Westerberg Adds New Depth to His Passion for Playing

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At the El Rey Theatre on Saturday, Paul Westerberg took things a stirring step beyond the spirited exuberance that keyed his 1993 solo tour, his first after being unshackled from the tensions of the Replacements, the Minneapolis band he led through a colorfully unruly 20-year career.

His fans couldn’t have asked for much more than this show’s range of material and level of execution. Guitarists Westerberg and Tommy Keene, bassist Ken Justine and drummer Josh Freese delivered the leader’s songs with assuredness and ferocity, interlocking with thrilling finesse at high velocity at one moment, then providing the softest of shadings for a tender ballad at the next.

Their empathy and dynamism were enough to give a good name to professionalism. Their tightness wasn’t a matter of being clinical and accommodating. It was a reflection of their respect for the music and the audience.


That professionalism, as well as the show’s pacing and the sound’s balance, weren’t exactly the qualities that made the Replacements such a beloved institution. When that band’s chaos and conflict wore thin, Westerberg went solo with the intent of cementing his reputation as a great American singer-songwriter.

But once an underdog, always an underdog, it appears. As was his debut album, “14 Songs,” the recent “Eventually” has been a commercial disappointment. So the Replacements’ old spirit of having something to prove remained as a driving force in Saturday’s show. Without belaboring the point, Westerberg simply asserted his will to survive through the quality and passion of the playing.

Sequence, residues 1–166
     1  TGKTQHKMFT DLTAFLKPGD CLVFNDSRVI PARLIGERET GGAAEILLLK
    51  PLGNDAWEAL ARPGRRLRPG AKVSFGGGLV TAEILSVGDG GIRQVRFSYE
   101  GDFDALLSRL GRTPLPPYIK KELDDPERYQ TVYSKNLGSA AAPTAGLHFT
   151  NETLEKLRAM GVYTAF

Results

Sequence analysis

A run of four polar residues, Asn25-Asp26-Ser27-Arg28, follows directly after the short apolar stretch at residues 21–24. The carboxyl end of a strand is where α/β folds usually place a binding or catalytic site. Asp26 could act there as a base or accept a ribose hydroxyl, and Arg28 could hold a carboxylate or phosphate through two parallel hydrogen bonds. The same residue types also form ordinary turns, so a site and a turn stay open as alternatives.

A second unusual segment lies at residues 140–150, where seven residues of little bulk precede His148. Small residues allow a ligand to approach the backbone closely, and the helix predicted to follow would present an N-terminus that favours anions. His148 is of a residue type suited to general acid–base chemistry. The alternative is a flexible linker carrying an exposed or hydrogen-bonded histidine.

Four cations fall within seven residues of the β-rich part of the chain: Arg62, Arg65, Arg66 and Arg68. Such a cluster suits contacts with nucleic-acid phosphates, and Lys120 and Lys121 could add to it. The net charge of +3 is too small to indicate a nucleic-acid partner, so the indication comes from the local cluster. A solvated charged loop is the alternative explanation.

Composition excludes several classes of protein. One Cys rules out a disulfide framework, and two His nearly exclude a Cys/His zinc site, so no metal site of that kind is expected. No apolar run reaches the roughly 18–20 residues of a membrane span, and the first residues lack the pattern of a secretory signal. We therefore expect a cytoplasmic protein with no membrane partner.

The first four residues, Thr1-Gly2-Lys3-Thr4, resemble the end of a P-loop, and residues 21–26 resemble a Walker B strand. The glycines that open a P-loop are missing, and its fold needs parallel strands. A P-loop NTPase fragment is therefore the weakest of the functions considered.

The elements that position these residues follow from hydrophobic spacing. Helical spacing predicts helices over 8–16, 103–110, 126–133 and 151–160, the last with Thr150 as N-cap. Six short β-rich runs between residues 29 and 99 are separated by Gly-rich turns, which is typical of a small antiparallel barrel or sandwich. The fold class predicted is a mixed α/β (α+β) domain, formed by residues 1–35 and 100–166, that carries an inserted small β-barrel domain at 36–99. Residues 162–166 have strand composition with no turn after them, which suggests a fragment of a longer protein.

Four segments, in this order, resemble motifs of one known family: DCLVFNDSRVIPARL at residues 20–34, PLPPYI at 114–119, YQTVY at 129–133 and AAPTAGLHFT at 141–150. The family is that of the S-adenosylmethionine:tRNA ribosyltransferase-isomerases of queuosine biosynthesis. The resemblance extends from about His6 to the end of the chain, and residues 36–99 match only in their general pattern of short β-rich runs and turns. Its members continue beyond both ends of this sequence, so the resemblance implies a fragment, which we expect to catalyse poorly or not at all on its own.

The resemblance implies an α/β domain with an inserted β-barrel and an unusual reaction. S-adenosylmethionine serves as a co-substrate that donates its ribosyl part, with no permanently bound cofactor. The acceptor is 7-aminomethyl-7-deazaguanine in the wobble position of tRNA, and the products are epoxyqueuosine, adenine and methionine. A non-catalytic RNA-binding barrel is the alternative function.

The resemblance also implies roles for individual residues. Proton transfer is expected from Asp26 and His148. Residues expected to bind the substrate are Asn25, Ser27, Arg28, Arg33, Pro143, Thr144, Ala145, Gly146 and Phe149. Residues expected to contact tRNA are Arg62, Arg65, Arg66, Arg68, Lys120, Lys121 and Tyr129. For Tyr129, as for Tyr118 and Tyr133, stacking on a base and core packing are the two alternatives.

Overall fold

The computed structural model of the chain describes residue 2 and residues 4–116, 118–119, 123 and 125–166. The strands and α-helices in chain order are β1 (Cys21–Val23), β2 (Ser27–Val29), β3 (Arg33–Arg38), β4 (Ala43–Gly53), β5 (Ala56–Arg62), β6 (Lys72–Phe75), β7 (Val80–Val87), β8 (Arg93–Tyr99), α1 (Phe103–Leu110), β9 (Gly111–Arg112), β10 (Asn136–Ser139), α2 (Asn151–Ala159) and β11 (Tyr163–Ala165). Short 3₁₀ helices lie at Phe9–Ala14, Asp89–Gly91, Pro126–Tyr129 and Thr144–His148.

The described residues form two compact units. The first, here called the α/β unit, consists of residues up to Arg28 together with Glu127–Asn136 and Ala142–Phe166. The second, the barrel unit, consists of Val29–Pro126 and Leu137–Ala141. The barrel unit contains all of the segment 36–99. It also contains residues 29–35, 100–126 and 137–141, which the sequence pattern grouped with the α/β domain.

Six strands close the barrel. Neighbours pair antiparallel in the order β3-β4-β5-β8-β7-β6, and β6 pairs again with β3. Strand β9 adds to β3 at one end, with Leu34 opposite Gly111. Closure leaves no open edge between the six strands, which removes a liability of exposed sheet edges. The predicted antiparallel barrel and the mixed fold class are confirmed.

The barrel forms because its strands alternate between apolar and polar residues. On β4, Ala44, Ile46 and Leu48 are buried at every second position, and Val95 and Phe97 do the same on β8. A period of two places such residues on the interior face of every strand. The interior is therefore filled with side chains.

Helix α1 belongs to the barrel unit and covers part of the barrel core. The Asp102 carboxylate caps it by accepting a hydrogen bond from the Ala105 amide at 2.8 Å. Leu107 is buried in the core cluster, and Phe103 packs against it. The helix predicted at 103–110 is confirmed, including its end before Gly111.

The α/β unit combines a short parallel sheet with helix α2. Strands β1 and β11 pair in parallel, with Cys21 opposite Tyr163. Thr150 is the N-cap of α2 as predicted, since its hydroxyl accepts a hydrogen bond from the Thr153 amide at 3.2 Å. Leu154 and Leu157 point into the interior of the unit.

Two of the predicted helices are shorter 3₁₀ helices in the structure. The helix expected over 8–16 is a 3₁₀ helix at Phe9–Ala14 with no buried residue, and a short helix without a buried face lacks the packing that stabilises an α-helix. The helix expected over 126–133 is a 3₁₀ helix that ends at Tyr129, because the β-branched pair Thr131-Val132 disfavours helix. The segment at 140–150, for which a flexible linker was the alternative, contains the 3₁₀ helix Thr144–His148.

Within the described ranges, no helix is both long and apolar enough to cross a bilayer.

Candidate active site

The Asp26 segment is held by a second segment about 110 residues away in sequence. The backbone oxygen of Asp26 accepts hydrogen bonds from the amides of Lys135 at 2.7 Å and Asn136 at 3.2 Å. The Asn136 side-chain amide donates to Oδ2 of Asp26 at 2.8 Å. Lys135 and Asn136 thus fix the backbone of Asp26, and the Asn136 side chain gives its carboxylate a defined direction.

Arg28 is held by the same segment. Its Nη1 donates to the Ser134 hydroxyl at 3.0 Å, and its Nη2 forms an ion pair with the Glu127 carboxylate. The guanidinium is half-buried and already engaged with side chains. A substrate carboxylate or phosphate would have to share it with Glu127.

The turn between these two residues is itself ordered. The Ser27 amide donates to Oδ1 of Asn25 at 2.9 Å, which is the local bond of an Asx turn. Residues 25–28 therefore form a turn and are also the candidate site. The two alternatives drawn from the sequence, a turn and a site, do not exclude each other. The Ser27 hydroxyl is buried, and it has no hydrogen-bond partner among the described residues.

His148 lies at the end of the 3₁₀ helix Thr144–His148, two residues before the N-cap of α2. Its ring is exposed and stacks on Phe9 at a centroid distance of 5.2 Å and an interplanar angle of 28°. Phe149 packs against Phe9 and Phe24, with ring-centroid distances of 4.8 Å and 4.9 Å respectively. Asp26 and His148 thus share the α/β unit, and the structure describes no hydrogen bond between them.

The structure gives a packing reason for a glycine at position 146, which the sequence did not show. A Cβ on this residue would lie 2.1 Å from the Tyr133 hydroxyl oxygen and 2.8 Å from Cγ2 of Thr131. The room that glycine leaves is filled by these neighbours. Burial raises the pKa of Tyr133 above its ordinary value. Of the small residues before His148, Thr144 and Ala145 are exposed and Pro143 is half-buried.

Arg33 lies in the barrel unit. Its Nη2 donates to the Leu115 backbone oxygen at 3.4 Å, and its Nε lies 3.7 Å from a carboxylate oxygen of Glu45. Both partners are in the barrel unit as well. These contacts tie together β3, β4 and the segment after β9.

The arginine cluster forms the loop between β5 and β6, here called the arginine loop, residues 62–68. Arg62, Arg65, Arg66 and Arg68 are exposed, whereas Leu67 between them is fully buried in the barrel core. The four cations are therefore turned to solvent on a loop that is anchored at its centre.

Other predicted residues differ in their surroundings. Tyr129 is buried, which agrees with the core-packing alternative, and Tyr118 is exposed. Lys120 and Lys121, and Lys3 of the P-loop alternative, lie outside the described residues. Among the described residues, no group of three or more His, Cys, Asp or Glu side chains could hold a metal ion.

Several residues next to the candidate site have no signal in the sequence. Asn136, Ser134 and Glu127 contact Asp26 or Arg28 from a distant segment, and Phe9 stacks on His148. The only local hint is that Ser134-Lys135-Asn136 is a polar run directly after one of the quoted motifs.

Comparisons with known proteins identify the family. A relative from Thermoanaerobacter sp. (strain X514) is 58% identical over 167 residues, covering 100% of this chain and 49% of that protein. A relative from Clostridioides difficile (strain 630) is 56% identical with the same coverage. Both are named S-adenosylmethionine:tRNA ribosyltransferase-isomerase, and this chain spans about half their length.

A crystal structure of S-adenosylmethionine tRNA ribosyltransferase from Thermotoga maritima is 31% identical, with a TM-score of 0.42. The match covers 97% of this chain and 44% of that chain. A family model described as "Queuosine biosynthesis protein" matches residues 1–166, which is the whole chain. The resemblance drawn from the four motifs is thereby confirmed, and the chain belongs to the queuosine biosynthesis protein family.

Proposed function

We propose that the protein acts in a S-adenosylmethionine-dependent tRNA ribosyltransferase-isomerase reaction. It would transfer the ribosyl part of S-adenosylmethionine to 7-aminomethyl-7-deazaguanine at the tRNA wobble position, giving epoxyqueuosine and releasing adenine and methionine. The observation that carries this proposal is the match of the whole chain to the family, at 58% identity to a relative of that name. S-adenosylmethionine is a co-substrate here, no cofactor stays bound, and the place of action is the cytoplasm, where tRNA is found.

The crowd may have been smaller than his original game plan once envisioned (he was scheduled for two nights at the 900-capacity El Rey and plays the Troubadour on Tuesday), but there was a lot of loyalty concentrated in the gathering.

This wasn’t an audience inflated with drop-ins checking out a passing radio hit. It was a serious, hard-core crowd with two decades of goodwill, partaking of music that accompanied, illuminated, defined, challenged and questioned their rites of passage.

Westerberg’s songs have both distinctly individual features and a genetic bond with rock traditions. There’s invariably an urgent kick to the beat and a buoyant lift to the melody and the guitar hooks. Rage is usually tempered by ruefulness, skepticism by sentimentality, and he sings his intimate anthems in a voice toughened by trials, a shredded but tenacious instrument fighting the elements.

The question is whether his newer material--more reflective, mellower, more considered--can become more than a postscript to his great Replacements work. The new songs held their own in the wide overview Westerberg presented, but when it came time to cap the night, he turned to his old band’s pinnacles, mainly songs from “Tim” and “Pleased to Meet Me.”


* Paul Westerberg plays Tuesday at the Troubadour, 9081 Santa Monica Blvd., West Hollywood,7:30 p.m. $15.50. (310) 276-6168.